Flood FAQs #37 – If a borrower requesting a loan secured by a junior lien provides evidence that flood insurance coverage is in place, does the lender have to make a new determination? Does the lender have to adjust the insurance coverage?

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Q:  If a borrower requesting a loan secured by a junior lien provides evidence that flood insurance coverage is in place, does the lender have to make a new determination? Does the lender have to adjust the insurance coverage?
 
A:   It depends. Assuming the requirements in Section 528 of the Act (42 U.S.C. 4104b) are met and the same lender made the first mortgage, then a new determination may not be necessary, when the existing determination is not more than seven years old, there have been no map changes, and the determination was recorded on an SFHDF. If, however, a lender other than the one that made the first mortgage loan is making the junior lien loan, a new determination would be required because this lender would be deemed to be “making” a new loan. In either situation, the lender will need to determine whether the amount of insurance in force is sufficient to cover the lesser of the combined outstanding principal balance of all loans (including the junior lien loan), the insurable value, or the maximum amount of coverage available on the improved real estate. This will hold true whether the subordinate lien loan is a home equity loan or some other type of junior lien loan.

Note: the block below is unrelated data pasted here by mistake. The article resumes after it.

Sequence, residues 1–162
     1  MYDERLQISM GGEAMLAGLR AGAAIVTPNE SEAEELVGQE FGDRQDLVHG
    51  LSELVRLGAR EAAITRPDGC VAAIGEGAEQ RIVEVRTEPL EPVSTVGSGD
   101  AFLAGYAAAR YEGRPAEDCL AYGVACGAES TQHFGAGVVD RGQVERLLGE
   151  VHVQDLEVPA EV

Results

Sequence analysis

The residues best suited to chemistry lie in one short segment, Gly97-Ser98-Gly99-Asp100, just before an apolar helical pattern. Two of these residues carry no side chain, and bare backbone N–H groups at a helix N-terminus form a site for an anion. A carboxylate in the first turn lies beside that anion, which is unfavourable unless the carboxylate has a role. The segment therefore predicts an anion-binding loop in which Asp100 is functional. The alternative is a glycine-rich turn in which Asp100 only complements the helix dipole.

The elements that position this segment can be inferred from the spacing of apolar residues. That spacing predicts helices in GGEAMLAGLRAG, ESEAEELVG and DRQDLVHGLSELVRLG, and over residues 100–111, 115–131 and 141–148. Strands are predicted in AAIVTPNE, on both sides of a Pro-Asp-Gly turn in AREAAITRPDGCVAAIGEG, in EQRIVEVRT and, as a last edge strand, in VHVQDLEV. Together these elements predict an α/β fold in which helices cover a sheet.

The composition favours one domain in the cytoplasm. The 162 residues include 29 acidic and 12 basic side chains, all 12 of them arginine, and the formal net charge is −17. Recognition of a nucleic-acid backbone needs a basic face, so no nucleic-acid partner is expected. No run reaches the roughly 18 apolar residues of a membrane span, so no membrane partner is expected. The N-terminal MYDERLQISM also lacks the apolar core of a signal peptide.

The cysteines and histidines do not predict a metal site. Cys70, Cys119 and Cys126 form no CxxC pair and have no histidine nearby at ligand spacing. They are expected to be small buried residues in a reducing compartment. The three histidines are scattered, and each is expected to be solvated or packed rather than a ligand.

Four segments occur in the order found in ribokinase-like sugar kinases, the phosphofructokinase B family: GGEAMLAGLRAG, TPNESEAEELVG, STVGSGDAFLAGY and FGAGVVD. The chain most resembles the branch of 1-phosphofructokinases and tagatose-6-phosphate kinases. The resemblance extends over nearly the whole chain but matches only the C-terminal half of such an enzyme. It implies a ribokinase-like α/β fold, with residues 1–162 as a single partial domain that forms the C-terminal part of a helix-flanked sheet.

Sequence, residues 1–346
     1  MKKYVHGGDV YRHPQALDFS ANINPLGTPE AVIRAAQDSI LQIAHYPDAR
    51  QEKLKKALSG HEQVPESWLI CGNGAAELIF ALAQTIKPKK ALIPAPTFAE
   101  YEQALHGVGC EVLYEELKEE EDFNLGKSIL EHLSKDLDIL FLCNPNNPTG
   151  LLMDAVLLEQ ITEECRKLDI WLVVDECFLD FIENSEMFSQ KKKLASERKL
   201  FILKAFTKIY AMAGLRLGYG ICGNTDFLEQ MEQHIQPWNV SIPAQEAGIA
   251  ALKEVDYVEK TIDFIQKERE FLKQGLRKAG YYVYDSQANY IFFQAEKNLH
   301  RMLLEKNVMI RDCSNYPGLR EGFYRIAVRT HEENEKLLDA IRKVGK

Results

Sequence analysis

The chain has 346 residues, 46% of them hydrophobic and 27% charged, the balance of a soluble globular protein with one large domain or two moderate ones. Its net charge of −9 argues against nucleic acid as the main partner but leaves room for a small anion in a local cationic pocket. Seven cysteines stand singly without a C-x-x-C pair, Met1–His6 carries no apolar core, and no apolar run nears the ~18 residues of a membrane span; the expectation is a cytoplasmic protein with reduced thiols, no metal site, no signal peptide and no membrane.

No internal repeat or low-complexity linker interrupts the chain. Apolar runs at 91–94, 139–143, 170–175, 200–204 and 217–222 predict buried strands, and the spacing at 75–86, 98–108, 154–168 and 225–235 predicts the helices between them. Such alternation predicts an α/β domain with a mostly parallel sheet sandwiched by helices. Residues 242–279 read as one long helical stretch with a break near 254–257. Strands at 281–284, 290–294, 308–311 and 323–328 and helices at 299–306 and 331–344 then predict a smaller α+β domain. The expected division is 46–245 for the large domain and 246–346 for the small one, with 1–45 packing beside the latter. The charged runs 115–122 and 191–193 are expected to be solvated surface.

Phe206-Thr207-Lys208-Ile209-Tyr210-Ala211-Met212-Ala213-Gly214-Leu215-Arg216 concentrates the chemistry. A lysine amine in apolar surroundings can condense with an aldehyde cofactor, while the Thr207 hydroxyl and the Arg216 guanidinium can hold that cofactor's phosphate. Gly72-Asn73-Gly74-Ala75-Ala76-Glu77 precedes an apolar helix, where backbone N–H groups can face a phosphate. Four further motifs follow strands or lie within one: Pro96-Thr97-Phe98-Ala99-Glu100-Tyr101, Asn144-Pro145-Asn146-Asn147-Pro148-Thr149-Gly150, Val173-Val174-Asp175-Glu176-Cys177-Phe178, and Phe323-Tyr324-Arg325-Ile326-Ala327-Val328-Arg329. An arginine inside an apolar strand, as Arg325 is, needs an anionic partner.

ADDITIONAL INFORMATION – This Q&A was included in the “Interagency Questions and Answers Regarding Flood Insurance.”   For ease of collection, this has been obtained from the FDIC’s Compliance Examination Manual – April 2016, which may be found here:  https://fdic.gov/regulations/compliance/manual/5/V-6.1.pdf
 

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